Paintings of the medieval Mewar Ramayana brought to life
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The name Ravi Shankar cannot come to mind without its music. To ask Ravi Shankar for The Book of Shiva, whose dance is the rhythm of our Hindu cosmos, is to expect a lot. But that Etteth (is it) or what the book is all about: a lyrical spiritual quest. Suddenly, out of a cacophony of books—many of which are read aloud these days at the 100 or more literary festivals—emerges this silent masterpiece of our confused 21st century.
Ravi Shankar Etteth crafts his prose like a quiet vilambit in Hindustani music. Within the flow of his even madhya laya tempo, sharp and surprising observations bring innuendoes that delight. A great achievement of the book is how it treats invisible time. Pulling it away from the linear Western understanding of it, he sets in parallel, cyclic wheels-within-wheels.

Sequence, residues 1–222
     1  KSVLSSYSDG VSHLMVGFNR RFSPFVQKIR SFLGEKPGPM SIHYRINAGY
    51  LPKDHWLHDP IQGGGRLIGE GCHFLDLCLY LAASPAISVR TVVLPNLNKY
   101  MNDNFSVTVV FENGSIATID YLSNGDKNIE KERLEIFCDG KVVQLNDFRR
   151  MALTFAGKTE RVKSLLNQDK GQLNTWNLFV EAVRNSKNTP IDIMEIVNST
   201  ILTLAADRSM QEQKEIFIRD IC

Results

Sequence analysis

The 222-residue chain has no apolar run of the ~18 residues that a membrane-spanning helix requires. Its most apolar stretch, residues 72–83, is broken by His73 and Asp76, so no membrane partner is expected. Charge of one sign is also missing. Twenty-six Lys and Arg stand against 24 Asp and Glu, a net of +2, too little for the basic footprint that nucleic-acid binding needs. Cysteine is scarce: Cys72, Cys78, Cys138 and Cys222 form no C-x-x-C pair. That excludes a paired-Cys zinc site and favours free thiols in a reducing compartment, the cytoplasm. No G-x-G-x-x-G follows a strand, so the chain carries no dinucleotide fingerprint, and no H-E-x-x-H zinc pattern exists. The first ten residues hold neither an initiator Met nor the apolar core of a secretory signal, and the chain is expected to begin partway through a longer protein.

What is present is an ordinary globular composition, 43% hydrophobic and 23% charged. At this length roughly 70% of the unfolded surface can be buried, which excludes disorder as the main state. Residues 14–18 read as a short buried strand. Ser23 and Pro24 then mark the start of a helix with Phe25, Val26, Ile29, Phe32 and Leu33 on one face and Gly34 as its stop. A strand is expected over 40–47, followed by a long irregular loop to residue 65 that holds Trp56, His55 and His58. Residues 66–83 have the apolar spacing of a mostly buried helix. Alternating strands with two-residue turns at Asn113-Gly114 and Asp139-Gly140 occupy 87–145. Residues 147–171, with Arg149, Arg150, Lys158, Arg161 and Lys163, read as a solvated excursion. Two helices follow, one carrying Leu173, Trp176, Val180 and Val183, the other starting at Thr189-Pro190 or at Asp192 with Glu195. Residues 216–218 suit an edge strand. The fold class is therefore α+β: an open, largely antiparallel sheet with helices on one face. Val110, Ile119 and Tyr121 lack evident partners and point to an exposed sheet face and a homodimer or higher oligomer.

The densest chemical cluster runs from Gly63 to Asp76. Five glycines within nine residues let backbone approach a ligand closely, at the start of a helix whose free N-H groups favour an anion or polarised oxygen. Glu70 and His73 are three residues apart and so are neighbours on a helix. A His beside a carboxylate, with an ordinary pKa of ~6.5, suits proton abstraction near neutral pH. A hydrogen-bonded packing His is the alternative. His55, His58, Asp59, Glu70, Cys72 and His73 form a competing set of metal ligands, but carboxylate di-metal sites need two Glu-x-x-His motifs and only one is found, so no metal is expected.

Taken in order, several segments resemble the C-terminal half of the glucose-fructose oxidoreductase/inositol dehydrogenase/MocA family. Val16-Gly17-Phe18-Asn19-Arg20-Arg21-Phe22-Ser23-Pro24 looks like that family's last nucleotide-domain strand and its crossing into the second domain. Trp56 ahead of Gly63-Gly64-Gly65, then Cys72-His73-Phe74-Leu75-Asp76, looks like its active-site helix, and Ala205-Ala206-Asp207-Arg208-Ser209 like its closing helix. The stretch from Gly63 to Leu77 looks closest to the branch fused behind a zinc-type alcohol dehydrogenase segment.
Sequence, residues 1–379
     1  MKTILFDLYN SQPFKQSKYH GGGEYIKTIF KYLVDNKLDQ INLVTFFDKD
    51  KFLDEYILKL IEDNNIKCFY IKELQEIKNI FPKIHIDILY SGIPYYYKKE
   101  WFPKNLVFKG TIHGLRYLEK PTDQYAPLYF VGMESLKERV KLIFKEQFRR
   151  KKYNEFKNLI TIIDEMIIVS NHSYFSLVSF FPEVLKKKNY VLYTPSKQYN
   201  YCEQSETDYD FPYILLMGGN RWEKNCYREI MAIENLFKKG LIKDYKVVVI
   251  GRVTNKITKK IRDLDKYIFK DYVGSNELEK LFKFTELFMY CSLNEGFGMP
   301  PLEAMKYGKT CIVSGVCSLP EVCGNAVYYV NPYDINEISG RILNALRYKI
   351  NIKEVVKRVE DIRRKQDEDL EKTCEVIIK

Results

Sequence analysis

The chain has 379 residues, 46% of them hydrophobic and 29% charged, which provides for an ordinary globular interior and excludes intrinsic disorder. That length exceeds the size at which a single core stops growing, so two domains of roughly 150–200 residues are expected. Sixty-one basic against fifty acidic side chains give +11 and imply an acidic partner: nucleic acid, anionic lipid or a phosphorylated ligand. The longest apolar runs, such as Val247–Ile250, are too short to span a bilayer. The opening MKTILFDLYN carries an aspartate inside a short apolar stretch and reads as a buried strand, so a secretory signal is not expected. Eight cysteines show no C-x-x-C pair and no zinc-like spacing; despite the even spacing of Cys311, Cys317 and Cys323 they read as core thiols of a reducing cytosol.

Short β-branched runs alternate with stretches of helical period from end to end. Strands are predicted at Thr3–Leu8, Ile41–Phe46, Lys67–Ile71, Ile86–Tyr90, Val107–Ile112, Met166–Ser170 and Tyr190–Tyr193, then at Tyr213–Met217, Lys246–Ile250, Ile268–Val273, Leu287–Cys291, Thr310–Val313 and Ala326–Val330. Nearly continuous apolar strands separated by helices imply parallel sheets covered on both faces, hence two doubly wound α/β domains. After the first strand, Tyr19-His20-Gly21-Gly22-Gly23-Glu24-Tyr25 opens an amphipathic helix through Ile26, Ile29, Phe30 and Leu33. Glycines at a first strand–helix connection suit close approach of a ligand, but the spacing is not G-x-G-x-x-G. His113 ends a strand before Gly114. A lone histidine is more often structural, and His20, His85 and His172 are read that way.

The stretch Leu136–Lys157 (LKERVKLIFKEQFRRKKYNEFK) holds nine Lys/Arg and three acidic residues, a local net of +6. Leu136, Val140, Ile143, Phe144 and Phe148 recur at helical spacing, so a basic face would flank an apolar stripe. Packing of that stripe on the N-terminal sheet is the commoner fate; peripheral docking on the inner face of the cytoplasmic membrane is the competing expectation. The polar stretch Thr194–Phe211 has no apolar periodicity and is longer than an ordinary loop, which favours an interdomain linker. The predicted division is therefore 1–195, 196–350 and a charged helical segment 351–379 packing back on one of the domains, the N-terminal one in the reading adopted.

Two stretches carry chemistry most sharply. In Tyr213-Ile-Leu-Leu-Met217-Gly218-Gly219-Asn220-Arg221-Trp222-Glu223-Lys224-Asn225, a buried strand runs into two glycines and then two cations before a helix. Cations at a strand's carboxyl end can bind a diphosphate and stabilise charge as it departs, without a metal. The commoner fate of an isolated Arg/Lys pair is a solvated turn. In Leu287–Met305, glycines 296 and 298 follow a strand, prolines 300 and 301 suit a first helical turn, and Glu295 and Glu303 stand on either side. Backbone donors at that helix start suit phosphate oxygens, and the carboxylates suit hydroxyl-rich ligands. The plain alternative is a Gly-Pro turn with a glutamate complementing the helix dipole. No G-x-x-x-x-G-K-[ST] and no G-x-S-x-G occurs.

Asananda, our protagonist whose name translates as ‘the one who finds joy in hope’, becomes the alibi for any reader’s search. Etteth sets up a fairly difficult proposition with a promise at the start, where he cannot take you on an aimless journey. Amazing, wise myths, blurred at their edges with modern disbelief, slowly sharpen under his art as his pilgrim travels in places where we all go—Paonta Sahib, Rishikesh—and the lesser known Srinagar of Uttarakhand. The author whips up simple dialogues that are cryptic and loaded with double entendre. He doesn’t want to drown his readers in any heavy Hindu hocus-pocus, but just its filtered wisdom. Personally, I found it very wise and profound. Many Indian or Eastern truisms appear in the text and dialogues which never seem laboured. The language is beautiful and the turn of phrase always poetic on the edge. This journey could be yours and the people encountered may be ordinary, but it is what you as a seeker can extract from them which shows new ways of experiencing Indian wisdom from incidents and encounters. The book ends without a noisy dhrut as the madhyam itself prepares us for a splay of silent gems. A must read in different stages—for life is cyclic.
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